4.1.8 OMIEs have a legal identity distinct from their business. However compared to employees, OMIEs have greater autonomy in making decisions over employment arrangements such as setting of hours and determination of pay. Based on this, the Employment Type classification separates OMIEs from employees, and thus the Employment Type classification reflects the nature of the relationship to the business, i.e. as a business owner or working for someone else.
4.1.9 In the Employment Type classification, employees are further divided into those with and without paid leave entitlements (paid sick leave and/or paid holiday leave), while employers and own account workers are combined to form 'owner managers of unincorporated enterprises' (OMUEs).
4.1.10 Diagram 4.1.2 illustrates how Employment Type compares with status in employment.
4.1.2 CLASSIFYING EMPLOYMENT TYPE
4.1.11 The Employment Type classification is available from most ABS household surveys producing estimates of employment, including supplementary surveys: Forms of Employment Survey (FOES), Employee Earnings, Benefits and Trade Union Membership (EEBTUM); the Census of Population and Housing; and most Special Social Surveys.
FORMS OF EMPLOYMENT
4.1.12 Another classification which extends the employment type framework is known as the Form of Employment (FOE) classification. This classification was developed in 2008 following revised concepts relating to 'contract work' and the need to more precisely identify the group of employed people working as 'independent contractors'. The FOE classification identifies the following three groups of employed people.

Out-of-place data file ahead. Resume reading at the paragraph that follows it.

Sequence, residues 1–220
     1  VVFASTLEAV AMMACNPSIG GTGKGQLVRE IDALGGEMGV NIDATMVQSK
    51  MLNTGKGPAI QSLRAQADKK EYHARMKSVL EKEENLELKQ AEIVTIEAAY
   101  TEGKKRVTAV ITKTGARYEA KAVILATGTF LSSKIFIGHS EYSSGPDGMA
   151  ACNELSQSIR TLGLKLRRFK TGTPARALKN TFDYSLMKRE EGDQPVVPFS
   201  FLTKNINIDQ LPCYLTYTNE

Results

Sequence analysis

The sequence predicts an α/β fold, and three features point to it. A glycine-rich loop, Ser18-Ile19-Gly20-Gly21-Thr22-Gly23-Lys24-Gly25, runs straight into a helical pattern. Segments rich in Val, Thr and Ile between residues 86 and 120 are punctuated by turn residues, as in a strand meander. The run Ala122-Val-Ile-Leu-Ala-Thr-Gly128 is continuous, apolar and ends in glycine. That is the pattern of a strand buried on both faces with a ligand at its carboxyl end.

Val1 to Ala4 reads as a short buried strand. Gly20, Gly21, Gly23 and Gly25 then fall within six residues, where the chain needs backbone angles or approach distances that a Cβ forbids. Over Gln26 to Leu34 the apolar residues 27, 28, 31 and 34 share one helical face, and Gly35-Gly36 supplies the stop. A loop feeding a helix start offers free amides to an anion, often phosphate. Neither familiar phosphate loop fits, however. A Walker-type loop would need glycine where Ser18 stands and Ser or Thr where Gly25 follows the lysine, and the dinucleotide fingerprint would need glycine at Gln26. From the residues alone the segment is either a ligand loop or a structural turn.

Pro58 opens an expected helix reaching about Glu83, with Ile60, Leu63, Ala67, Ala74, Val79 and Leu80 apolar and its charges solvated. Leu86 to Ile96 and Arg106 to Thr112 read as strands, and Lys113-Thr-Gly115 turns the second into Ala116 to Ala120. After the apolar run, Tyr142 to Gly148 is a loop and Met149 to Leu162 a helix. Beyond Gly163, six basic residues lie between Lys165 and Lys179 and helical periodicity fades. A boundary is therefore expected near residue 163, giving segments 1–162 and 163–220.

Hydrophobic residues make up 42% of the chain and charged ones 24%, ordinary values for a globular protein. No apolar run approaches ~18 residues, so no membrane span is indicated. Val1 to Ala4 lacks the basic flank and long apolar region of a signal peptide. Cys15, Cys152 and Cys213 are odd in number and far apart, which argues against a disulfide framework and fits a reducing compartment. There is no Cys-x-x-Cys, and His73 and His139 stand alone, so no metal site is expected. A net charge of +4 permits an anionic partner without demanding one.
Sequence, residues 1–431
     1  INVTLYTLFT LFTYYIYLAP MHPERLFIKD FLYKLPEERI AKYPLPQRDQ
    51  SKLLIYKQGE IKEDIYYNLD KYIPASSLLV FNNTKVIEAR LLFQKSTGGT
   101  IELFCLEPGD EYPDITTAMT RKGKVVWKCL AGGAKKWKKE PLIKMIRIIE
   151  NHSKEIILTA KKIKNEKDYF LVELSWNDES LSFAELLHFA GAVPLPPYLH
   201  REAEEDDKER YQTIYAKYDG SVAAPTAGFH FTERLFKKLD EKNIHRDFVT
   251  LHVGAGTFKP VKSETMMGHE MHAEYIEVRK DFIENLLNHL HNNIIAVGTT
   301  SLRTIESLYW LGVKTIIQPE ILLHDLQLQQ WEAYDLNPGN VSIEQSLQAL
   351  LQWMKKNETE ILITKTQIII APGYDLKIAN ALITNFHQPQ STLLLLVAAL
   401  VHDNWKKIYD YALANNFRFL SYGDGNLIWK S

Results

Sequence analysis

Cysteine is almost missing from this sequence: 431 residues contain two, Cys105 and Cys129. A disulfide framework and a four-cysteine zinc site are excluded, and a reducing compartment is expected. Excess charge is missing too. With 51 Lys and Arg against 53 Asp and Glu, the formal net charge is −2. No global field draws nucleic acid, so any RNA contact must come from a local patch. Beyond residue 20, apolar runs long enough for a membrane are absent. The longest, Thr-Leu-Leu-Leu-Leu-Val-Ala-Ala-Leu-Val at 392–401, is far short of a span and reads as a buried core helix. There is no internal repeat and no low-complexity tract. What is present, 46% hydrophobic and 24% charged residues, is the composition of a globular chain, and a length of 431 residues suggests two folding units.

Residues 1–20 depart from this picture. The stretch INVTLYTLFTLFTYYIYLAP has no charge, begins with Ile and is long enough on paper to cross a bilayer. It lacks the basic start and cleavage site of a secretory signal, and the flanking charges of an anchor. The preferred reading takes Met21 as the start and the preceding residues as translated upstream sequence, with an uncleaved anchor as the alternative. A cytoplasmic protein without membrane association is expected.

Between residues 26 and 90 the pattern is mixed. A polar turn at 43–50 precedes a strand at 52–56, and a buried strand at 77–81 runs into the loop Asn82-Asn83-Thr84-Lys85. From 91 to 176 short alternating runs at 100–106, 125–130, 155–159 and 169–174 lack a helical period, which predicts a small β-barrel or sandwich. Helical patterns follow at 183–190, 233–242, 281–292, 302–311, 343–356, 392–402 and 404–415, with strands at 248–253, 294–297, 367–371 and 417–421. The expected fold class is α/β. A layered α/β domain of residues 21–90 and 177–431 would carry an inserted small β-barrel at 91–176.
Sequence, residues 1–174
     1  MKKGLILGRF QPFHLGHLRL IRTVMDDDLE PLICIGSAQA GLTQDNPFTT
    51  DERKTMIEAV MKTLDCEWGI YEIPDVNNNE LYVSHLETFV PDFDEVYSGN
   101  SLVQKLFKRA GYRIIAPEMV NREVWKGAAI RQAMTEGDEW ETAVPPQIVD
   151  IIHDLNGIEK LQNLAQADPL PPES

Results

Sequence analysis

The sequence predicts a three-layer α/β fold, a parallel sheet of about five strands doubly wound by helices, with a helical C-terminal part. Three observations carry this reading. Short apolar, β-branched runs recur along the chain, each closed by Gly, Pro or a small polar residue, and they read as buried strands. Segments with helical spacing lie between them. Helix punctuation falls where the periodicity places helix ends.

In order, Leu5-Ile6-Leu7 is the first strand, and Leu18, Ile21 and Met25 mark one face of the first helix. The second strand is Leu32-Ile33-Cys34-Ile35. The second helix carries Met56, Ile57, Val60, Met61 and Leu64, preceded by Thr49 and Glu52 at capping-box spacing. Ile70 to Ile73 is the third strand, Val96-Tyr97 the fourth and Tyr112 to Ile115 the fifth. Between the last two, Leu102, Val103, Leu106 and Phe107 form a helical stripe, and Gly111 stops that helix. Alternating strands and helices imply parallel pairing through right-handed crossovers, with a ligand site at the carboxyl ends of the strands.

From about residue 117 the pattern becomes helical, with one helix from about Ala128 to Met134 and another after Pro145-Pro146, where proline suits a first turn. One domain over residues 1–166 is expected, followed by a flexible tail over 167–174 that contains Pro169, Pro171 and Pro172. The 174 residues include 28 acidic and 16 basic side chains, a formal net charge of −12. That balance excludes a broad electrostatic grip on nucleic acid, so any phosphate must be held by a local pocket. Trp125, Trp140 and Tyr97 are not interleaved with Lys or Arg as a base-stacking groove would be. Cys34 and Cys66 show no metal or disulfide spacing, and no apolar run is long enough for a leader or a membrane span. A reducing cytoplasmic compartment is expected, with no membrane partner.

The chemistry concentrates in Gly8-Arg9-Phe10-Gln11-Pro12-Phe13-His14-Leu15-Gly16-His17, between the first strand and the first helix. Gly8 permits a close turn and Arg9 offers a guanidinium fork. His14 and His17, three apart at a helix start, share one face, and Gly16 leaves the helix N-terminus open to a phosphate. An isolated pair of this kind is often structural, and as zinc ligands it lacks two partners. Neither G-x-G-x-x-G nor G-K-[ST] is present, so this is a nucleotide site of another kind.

Employees: People who work for a public or private employer and receive remuneration in wages or salary. Employees are engaged under a contract of service (an employment contract) and take directions from their employer/supervisor/manager/foreman on how work is performed.
Independent contractors: People who operate their own business and who contract to perform services for others without having the legal status of an employee, i.e. people who are engaged by clients, rather than an employer. Independent contractors are engaged under a contract for services (a commercial contract). The employment of independent contractors may take a variety of forms: for example, they may have a direct relationship with a client, or they may work through an intermediary. Independent contractors may have employees, however they spend most of their time directly engaged with clients or on client tasks, rather than managing their staff.
Other business operators are defined as people who operate their own business, with or without employees, but who are not operating as independent contractors. Other business operators are distinguished from independent contractors in that they usually generate their income from managing their staff or from selling goods or services to the public, rather than providing a labour service directly to a client. Other business operators spend little time working on client tasks with most of their time spent on managing their employees and/or business.
4.1.13 The FOE classification is depicted in diagram 4.1.3.
4.1.3 FORM OF EMPLOYMENT CLASSIFICATION
4.1.14 The FOE classification is available from the Forms of Employment Survey. Further information on the Forms of Employment Survey can be found in Chapter 21.3. Information about the methodology used to classify employed people using the FOE classification, and a comparison of the FOE and employment type classifications, can be found in Appendix 1 of Forms of Employment, Australia(cat. no. 6359.0).
4.1.15 Further information about these classifications, their comparisons and limitations was published in a feature article in Australian Labour Market Statistics, July 2011 (Cat. No. 6105.0).